Each fall, hundreds of thousands of visitors from Ottawa, Gatineau and elsewhere make a trip to Gatineau Park. A favourite among local residents and visitors — and for good reason — Gatineau Park often reaches visitor capacity during Fall Rhapsody.

Here are a few tips for the best and safest experience.

Visit the Park on a weekday

Those who frequent the Park on a regular basis stay away from the parkway sector on Fall Rhapsody weekends. They know that, with the high volume of traffic and number of visitors, they will not get the experience they are looking for.

If you can, it’s better to visit Pink Lake, the Mackenzie King Estate or King Mountain during the week. It’s also important to note that, during Fall Rhapsody, Gatineau Park parkways are open only for active users every day until noon. Motor vehicles can access the parkways daily from noon until 30 minutes after sunset.

Explore less popular destinations

The areas on the Park periphery are less busy — but are just as scenic. They also have the added benefit of offering a more peaceful experience for visitors. The different types of trees you’ll find there provide a completely different view and experience from that of the parkway sector.

A drive east or west of the Park will provide a full view of the landscape from a distance, and allow you to discover Chelsea, La Pêche and Pontiac. Whether travelling by bike or by car, exercise caution, share the road and follow the Quebec Highway Safety Code.

East of the Park: Chelsea, Wakefield and La Pêche

From Gatineau, by car, take Highway 5 north. You will be rewarded with magnificent views of the Park’s forests and a panorama of the Gatineau Hills. By bike, take Highway 105.

The Meech Creek Valley area is accessible from Cross Loop Road, at exit 24, or from Pine Road, off Highway 105. The Wakefield area is accessed via exit 28. And, for the Philippe Lake area, take Highway 366 west from exit 28.

This route offers cultural and natural attractions within the Park and on the outskirts of the Park.


Meech Creek Valley
, Chelsea

This beautiful valley winds through farmland and includes a covered bridge, as well as a route, on Cross Loop Road, with interpretation panels on the history of settlement in the area. From parking lot P16, you can access Trail 50, which is open for both hiking and biking.

View of Meech Creek Valley in the fall. Scene of a covered bridge and haybales, with ochre- and orange-coloured trees in the background.

Wakefield, Municipality of La Pêche

The tourist village of Wakefield is a destination in itself. It boasts the Wakefield Mill and an iconic covered bridge. Parking lot P17 connects with trails 53 and 72, and provides access to a network of shared trails for hiking and mountain biking.

Philippe Lake sector, Municipality of La Pêche

This area provides access to picnic spots and a network of hiking and mountain biking trails. In this area, you’ll find Trail 51 (starting at P19), Trail 55 (starting at Breton Beach) and Trail 50 (starting at Parent Beach). Those with a taste for adventure will enjoy a hike to the Lusk Cave (via Trail 50 or 54).

Philippe Lake in the fall, with ochre- and orange-coloured trees in the background.

In the fall, this area is underused and, since it has large parking lots for people who come to use the beaches, it can accommodate a lot of vehicles. It also offers captivating views of scenic landscapes from the lakeshore. If you have a weakness for scenic fall landscapes reflecting on the water, you absolutely must check out Philippe Lake during Fall Rhapsody. Camping is open until Thanksgiving. So why not reserve a ready-to-camp unit or a nice site to set up your tent?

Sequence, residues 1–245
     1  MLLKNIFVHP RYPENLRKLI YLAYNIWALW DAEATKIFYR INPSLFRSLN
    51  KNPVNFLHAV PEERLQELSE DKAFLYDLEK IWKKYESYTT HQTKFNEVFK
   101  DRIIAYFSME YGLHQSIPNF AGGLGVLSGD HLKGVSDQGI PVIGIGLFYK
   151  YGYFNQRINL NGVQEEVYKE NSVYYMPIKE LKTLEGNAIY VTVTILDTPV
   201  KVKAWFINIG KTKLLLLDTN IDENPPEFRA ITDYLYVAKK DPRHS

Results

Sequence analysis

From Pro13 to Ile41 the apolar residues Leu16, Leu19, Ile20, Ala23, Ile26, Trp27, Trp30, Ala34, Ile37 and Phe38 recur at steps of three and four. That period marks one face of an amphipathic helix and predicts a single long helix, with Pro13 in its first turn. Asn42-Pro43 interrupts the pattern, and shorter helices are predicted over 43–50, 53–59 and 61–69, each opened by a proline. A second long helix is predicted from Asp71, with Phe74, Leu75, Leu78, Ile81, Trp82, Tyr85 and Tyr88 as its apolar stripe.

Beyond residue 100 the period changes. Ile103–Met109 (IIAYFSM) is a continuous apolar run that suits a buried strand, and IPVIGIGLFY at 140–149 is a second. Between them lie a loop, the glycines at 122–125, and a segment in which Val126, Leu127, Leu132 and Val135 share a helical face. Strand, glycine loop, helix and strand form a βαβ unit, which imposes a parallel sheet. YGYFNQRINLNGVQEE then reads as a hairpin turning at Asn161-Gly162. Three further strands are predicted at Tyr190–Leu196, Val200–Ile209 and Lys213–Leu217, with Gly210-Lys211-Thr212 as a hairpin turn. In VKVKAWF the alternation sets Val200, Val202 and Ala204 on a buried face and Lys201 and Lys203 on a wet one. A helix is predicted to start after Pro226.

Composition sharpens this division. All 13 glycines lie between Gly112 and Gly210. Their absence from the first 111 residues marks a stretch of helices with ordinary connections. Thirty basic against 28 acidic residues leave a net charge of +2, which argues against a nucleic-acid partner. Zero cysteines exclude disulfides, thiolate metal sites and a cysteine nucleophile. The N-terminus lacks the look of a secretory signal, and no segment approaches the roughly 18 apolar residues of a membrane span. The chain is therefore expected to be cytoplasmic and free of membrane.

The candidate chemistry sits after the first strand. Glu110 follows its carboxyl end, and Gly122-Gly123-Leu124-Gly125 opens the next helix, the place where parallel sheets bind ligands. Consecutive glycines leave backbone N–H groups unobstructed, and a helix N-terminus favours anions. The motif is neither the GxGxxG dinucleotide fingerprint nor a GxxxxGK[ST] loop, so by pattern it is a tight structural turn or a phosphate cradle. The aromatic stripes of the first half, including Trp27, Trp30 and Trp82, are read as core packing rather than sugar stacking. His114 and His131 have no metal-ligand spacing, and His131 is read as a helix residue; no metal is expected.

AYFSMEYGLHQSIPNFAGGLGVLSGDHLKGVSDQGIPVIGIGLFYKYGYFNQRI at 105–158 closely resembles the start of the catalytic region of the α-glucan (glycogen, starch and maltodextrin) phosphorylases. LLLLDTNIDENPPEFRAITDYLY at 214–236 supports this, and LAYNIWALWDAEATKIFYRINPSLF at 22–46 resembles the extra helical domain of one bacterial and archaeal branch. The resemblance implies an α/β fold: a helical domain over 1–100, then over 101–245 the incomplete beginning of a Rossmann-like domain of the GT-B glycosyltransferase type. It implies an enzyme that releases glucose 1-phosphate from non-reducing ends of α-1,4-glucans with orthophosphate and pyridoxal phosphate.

West of the Park: Pontiac

From Gatineau, by car or by bike, take Highway 148 west. This route offers magnificent views of the Eardley Escarpment.

Luskville Falls, Municipality of Pontiac

This area provides access to the Luskville Falls and Church Hill picnic areas, as well as to the Luskville Falls Trail. The trail has two lookouts, a fire tower and interpretation panels. It boasts magnificent views from the Eardley Escarpment, looking toward the Ottawa River.

Luskville Falls in the fall, with red and orange foliage and fields in the background.

Can’t decide? Do a loop around the Park!

It is possible to do a loop around the Park (approximately 70 km), by car. This route provides magnificent views of the countryside around the municipalities of Chelsea, La Pêche and Pontiac, all in the same outing

Cyclists with a taste for adventure can also do a similar loop around the Park, taking municipal roads instead of Highway 5, which is not bikeable.

Note:

  • An eight-kilometre section of the Eardley-Masham Road, which links the municipalities of La Pêche and Pontiac, is a gravel road.
  • The La Pêche Lake sector of the Park, which is accessible in the summer via the Eardley-Masham Road, is closed after Thanksgiving. This seasonal closure has no impact on the loop, which is accessible year-round.

Always have a Plan B

Don’t be taken by surprise! Even if you follow our first two tips, it could happen that you might have to revise the plans for your outing.

The Park is a very popular destination in the fall. It can easily happen at some point or another that all the parking lots will be full. And sometimes the parkways have to be closed temporarily during periods of heavy traffic.

From the downtown heart of the Capital to the peaceful Greenbelt and beyond, there are many unique and fascinating places just waiting to be discovered. The Capital Region has plenty of hidden gems tucked away from the crowds, especially outside of Gatineau Park, where physical distance is much easier to maintain.

Take a look at our suggestions and some suggestions from our partners: